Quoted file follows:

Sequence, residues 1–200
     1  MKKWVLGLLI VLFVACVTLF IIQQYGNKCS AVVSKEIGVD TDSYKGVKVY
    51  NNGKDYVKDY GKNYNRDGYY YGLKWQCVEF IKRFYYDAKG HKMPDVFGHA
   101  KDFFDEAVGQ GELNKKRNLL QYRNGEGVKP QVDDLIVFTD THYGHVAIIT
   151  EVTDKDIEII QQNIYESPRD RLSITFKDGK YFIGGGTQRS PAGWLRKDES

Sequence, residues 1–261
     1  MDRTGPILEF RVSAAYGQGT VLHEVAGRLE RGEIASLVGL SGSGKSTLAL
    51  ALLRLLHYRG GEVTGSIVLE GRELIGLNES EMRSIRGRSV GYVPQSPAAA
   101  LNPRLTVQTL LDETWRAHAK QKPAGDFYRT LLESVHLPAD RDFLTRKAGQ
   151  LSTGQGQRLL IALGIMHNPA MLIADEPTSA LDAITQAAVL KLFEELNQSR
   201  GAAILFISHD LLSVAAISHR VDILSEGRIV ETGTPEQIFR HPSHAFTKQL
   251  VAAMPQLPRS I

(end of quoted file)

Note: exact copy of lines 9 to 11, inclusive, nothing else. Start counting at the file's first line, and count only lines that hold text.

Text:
   101  LNPRLTVQTL LDETWRAHAK QKPAGDFYRT LLESVHLPAD RDFLTRKAGQ
   151  LSTGQGQRLL IALGIMHNPA MLIADEPTSA LDAITQAAVL KLFEELNQSR
   201  GAAILFISHD LLSVAAISHR VDILSEGRIV ETGTPEQIFR HPSHAFTKQL